Page:Popular Science Monthly Volume 20.djvu/112

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would lengthen our list too much to quote from the records of centenarians in other countries. Taking the mean of the censuses from 1869 to 1872, we find that Europe (except Russia, Turkey, and a few small states in the south) had in a population of 212,940,376, 17,313,715 persons more than sixty, 79,850 more than ninety, and 3,108 more than one hundred years old; or one person in twelve over sixty, one in 2,669 over ninety, and one in 62,503 over a hundred. According to a table we have calculated for fifteen countries of Europe, more women than men attain an extreme old age, and the difference increases with the age. The greatest number of persons over sixty years of age is found in France, but not the greatest number of centenarians. Calculating upon the given age at death, we have found the percentage of those among the deceased who were ninety years old and more to be, in Great Britain, 9·73; in Sweden, 7·39; in France, 6·58: in Belgium; 6·07; in Switzerland, 6; in Holland, 4·47; in Italy, 3·76; in Bavaria, 3·42; in Prussia, 3·06; in Austria, 2·61.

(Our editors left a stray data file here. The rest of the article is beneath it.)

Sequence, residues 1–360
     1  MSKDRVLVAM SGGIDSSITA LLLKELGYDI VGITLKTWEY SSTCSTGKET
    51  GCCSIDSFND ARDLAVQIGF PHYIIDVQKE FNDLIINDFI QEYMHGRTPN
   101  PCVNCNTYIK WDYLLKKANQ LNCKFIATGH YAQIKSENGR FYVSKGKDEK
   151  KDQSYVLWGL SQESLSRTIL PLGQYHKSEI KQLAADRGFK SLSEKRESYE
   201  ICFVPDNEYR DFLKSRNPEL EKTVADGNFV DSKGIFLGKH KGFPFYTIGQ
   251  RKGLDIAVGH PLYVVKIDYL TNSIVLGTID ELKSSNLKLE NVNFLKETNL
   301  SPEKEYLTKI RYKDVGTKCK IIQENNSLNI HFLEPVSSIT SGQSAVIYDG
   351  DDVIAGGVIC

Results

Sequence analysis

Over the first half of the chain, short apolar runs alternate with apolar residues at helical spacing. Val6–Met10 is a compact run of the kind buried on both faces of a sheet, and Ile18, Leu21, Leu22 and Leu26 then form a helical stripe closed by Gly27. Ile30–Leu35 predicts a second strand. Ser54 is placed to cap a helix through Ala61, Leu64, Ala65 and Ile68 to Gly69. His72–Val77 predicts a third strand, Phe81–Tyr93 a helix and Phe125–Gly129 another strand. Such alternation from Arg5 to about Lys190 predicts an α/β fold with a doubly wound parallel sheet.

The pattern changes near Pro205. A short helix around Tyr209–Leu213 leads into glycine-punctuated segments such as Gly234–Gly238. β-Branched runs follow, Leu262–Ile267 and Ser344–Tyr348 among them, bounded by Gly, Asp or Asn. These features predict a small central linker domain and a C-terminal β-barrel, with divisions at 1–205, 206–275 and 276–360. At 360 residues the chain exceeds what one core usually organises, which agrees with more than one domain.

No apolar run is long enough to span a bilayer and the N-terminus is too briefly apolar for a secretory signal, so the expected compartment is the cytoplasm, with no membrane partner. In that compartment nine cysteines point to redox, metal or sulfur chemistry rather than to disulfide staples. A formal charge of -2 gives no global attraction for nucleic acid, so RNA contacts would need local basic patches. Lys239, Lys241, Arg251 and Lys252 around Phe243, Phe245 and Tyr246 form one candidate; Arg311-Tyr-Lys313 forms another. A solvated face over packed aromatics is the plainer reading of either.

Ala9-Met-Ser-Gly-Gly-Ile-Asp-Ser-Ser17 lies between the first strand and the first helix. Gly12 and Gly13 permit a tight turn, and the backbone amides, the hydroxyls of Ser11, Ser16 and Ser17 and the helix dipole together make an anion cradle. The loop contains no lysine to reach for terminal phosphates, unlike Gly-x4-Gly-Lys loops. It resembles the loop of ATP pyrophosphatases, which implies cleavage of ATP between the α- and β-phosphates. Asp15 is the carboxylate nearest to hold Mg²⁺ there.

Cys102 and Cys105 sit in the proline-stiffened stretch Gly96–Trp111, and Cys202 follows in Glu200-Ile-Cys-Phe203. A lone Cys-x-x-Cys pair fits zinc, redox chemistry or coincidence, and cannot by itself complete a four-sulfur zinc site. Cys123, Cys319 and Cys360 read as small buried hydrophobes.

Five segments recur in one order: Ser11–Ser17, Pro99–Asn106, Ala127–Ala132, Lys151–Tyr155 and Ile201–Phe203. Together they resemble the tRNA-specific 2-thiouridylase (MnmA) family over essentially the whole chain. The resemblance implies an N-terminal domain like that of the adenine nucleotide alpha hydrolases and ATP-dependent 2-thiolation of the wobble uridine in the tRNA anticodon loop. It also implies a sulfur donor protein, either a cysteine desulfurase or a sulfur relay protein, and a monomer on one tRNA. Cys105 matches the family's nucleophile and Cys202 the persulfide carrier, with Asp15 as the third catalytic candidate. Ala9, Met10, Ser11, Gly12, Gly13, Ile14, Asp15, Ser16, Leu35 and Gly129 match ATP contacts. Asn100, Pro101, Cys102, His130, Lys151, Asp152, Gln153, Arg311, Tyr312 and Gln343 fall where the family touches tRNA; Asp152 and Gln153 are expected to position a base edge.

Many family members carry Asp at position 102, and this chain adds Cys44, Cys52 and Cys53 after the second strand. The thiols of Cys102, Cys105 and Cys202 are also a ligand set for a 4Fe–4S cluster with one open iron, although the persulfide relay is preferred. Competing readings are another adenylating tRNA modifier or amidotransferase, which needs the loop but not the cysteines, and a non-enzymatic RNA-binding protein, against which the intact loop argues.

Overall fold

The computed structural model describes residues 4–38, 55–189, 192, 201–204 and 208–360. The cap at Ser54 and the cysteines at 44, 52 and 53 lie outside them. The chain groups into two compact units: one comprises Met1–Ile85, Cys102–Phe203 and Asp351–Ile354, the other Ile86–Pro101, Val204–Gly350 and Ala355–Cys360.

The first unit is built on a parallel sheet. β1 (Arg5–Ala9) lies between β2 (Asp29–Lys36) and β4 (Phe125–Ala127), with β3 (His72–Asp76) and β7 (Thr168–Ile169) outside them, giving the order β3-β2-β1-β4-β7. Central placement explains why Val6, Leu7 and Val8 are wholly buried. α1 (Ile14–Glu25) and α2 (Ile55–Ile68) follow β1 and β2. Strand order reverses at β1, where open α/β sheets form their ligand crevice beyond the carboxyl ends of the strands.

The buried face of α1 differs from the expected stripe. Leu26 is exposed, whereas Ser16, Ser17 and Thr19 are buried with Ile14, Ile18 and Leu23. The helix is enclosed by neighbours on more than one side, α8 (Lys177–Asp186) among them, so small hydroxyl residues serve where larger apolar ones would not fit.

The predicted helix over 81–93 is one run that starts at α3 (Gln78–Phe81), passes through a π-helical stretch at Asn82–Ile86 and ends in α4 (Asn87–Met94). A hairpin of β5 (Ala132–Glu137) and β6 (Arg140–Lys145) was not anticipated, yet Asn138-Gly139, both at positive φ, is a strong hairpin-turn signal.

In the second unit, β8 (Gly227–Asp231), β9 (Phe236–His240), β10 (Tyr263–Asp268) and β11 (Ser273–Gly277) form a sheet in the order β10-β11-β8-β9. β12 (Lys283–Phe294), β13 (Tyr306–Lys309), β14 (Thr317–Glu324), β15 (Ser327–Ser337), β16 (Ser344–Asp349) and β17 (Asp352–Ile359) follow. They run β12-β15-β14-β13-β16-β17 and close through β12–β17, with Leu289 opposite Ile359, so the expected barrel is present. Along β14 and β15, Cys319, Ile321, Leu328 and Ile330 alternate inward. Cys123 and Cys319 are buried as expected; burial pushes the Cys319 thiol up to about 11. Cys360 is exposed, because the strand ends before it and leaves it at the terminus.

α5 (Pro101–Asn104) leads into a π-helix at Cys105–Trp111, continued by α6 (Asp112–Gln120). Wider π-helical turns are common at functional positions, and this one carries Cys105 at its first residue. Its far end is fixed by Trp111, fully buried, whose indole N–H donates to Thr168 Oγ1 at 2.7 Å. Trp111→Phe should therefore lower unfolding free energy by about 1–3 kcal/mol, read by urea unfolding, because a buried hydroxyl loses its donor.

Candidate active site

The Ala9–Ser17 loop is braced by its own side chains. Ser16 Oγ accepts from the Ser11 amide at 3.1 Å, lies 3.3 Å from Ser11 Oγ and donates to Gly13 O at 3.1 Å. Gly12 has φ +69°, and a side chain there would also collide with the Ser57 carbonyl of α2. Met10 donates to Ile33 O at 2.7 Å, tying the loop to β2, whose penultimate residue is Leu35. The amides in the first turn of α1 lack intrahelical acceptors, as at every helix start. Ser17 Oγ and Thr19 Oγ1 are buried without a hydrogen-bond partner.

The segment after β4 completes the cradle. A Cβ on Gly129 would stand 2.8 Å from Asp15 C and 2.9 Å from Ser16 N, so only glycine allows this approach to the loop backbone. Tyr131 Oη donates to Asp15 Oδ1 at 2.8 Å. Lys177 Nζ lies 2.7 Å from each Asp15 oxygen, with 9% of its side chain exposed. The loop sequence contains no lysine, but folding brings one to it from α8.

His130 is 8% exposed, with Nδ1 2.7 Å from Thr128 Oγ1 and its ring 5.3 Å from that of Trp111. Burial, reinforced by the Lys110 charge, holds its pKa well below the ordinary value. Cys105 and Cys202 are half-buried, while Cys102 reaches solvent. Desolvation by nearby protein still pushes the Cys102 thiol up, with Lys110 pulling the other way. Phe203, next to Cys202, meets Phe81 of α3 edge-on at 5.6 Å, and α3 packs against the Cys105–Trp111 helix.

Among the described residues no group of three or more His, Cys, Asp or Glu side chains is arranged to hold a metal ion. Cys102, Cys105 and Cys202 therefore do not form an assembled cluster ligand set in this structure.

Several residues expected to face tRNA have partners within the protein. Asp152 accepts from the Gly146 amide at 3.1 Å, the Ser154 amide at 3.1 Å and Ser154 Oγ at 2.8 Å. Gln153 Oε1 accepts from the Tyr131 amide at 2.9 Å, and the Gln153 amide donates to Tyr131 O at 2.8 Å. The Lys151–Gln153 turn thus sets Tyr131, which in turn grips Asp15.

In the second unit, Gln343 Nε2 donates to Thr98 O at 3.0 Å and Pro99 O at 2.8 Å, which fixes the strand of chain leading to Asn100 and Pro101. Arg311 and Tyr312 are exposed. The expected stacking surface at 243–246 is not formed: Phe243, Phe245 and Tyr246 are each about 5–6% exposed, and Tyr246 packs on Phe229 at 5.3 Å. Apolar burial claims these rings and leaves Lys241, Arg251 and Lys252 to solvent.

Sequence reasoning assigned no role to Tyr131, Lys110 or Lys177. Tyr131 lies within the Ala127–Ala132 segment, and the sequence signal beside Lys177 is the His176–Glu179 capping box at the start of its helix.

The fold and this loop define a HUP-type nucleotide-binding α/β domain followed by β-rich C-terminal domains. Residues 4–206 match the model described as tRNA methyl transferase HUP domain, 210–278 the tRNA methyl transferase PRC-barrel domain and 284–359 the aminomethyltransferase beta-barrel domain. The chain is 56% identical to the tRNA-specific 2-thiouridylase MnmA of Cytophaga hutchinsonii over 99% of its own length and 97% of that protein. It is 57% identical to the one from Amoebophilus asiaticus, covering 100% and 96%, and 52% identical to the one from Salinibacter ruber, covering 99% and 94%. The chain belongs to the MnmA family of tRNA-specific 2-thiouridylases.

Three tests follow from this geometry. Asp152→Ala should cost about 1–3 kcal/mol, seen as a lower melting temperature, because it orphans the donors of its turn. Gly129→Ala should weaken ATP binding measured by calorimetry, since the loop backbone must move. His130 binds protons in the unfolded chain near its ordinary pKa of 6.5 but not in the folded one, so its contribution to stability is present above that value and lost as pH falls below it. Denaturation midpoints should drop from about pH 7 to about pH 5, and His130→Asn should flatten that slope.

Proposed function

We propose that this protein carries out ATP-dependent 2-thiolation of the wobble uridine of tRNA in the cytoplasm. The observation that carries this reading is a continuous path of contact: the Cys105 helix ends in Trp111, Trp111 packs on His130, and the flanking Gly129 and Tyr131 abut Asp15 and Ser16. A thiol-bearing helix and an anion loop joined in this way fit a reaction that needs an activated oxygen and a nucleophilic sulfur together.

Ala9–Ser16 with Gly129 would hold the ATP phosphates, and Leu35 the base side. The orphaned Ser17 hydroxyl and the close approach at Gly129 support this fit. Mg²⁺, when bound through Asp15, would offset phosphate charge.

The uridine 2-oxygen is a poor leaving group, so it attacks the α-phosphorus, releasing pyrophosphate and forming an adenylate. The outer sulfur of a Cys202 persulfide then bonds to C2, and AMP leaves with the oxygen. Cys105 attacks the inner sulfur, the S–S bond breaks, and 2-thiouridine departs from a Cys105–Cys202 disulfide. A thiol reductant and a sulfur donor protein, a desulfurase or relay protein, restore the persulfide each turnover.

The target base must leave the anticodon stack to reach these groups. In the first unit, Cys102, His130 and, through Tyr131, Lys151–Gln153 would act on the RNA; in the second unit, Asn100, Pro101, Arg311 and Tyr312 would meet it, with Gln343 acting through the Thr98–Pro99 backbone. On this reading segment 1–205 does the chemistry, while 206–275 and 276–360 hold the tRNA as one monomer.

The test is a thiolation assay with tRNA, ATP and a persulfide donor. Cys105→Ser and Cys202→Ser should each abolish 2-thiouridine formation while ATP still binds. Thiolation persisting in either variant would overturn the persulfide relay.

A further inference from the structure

As to whether the proportion of great longevities is increasing or diminishing, we have information only for France. During the fourteen years, from 1823 to 1837, the mean annual number of persons dying centenarians was 152, or one for 217,105 inhabitants; during the eight years, from 1852 to 1860, the mean was 111 in a population that had increased twenty per cent. But, although the great ages seem to have diminished, the mean length of life has very sensibly increased, and this is much better.

A number of centenarians have made their regimen known. Not-withstanding some rare examples to the contrary, temperance, sobriety, and regularity of habits, are of the first importance; then follow heredity, a relatively comfortable condition, freedom from strong and frequent emotions, residence as far as possible in the country, exercise, and a healthy and quiet business. The celebrated but humorous German physiologist, Hoffmann, summarizes the means of reaching a great age as follows: "Avoid excess in everything, respect old habits, even bad ones, breathe a pure air, adapt your food to your temperament, shun medicines and doctors, keep a quiet conscience, a gay heart, a contented mind."—Revue Scientifique.



WHEN a strong and active mind breaks down suddenly, in the midst of business, it is worn out by worry rather than over-work. Brain-labor may be too severe, or ordinary exercise prolonged until it produces serious exhaustion; but the mere draining of re-